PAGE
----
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Axe finally falls on much-hated retro tax

The Bill seeks to withdraw all tax demands on capital gains made from indirect transfer of Indian assets prior to May 28, 2012.

Published: 06th August 2021 07:11 AM  |   Last Updated: 06th August 2021 07:11 AM   |  A+A-

nirmala sitharaman

Union Finance Minister Nirmala Sitharaman (File Photo | PTI)

Express News Service

NEW DELHI:  Finding itself in a corner over tax litigations with Cairn Energy and Vodafone Plc, the Centre has decided to scrap the controversial retrospective tax demands. On Thursday, Finance Minister Nirmala Sitharaman introduced The Taxation Laws (Amendment) Bill, 2021 in the Lok Sabha. The Bill seeks to withdraw all tax demands on capital gains made from indirect transfer of Indian assets prior to May 28, 2012. The Centre will refund such taxes it already collected but no interest will be paid. 

This comes with a rider that the taxpayers will have to drop all pending litigations against the Centre and promise not to press claims for damages.  This is a major step, given that the government is locked in litigation with Vodafone and Cairn – with both getting favourable orders from an international arbitration court. The arbitration tribunal in The Hague awarded $1.2 billion (plus interest and cost) to Cairn. Total payable amount is $1.7 billion as of April 2021.

To recover this, Cairn Energy has filed cases in the US, the UK, Canada, Singapore, France and Netherlands to seize India’s assets if New Delhi did not abide by the tribunal’s decision. In early July, a French court allowed Cairn to freeze at least 20 Indian properties in Paris worth $20 million. 

Terming the retrospective law a ‘sore point’ that was putting off potential investors, the government stated, “The country today stands at a juncture when quick recovery of the economy after the Covid-19 pandemic is the need of the hour and foreign investment has an important role to play in promoting faster economic growth and employment.”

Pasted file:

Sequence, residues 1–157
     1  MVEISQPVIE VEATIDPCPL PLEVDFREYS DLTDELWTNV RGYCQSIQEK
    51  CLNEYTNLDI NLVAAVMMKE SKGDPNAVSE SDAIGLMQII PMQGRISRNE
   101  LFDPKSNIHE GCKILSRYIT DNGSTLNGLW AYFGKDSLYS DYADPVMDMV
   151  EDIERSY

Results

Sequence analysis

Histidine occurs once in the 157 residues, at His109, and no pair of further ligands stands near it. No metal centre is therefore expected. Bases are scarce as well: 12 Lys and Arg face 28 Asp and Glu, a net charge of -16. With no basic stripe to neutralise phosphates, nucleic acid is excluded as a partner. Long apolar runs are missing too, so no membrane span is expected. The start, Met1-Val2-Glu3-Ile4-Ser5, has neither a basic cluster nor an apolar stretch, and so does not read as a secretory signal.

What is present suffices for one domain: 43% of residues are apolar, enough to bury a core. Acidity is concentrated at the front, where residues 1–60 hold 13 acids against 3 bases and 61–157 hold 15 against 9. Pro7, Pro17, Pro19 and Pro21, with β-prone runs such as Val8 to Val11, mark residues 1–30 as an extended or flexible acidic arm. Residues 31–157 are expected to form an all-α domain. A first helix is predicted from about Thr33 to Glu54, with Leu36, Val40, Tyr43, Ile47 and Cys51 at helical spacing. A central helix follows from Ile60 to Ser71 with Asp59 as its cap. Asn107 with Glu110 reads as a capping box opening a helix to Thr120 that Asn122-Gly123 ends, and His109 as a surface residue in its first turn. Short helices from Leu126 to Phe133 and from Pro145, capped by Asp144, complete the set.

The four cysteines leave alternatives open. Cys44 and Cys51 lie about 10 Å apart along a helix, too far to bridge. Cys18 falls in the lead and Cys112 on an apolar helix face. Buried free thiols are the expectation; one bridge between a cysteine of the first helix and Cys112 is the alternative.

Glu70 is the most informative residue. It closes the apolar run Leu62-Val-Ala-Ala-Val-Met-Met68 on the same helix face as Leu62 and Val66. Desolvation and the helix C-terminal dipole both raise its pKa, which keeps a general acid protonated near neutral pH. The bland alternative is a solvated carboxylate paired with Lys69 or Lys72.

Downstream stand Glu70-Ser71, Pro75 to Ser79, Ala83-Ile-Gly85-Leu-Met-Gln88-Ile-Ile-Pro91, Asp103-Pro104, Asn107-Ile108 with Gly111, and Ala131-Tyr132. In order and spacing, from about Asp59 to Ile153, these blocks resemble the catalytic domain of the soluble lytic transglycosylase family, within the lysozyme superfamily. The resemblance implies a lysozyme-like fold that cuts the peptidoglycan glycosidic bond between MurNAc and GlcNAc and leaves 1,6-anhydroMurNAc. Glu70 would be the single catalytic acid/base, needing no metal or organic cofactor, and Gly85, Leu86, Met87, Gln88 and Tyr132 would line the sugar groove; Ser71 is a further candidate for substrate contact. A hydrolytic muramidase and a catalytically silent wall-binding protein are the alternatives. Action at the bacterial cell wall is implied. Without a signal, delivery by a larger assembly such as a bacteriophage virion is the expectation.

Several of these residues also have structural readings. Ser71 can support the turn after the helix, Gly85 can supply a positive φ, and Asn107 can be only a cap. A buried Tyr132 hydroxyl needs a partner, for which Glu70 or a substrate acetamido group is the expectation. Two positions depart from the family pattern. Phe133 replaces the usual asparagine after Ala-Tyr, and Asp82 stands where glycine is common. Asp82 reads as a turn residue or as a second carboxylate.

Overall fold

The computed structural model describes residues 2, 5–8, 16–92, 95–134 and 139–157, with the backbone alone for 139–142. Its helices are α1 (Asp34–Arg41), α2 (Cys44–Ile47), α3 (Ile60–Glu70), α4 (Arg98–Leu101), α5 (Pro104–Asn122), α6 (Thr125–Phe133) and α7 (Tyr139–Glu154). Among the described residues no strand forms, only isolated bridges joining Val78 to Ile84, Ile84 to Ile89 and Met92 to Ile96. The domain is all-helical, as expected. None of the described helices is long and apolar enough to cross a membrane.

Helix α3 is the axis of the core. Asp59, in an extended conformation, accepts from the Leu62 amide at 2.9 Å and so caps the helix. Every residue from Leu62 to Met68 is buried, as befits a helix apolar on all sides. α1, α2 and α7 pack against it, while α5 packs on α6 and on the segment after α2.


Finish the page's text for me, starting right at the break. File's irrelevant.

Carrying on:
Vodafone was not immediately available for comments, while Cairn Energy said in a London Stock Exchange filing that it is monitoring the situation and would provide further update in due course. 
The move will mean that the Indian government will have to refund around Rs 8,000 crore collected as  retro tax thus far. Of this, Rs 7,000 crore will have to be paid to Cairn India alone. However, Supreme Court lawyer Arvind Datar, who has represented Cairn Energy in the retrospective tax dispute case, said he does not know if Cairn would agree to the conditions laid down for settlement. 

The controversial bill was introduced in 2012 by then finance minister Pranab Mukherjee, after the Supreme Court had ruled that Vodafone couldn’t be taxed for its 2007 purchase of a 67% stake in Hutchison for $11 billion.  Later, the tax was invoked against Cairn for a corporate reorganisation done in 2006-07 and its assets were frozen. 

WHAT’S RETRO TAX?

In 2012, Indian government under then finance minister Pranab Mukherjee retrospectively amended Income-tax Act to raise tax demands on income from sale or transfer of an asset situated in India, even if the transaction takes place outside the country 

The amendment was to bypass an adverse Supreme Court ruling that prevented the I-T department’s move to levy capital gains on an overseas share sale transaction involving Vodafone Plc

Sizing it up

Govt had sent notices to 17 firms to cough up Rs 1.10 lakh cr in back taxes 

Vodafone got a tax demand of  Rs 22,100 cr plus interest

Cairn Energy was told to pay a total of Rs 20,495 cr

Give & Take

  • Govt will return all retro tax it  collected thus far without interest
  • Companies will have to withdraw all the cases they have filed against the govt over retro tax
  • Firms will also have to forego the interest on amounts collected by the govt


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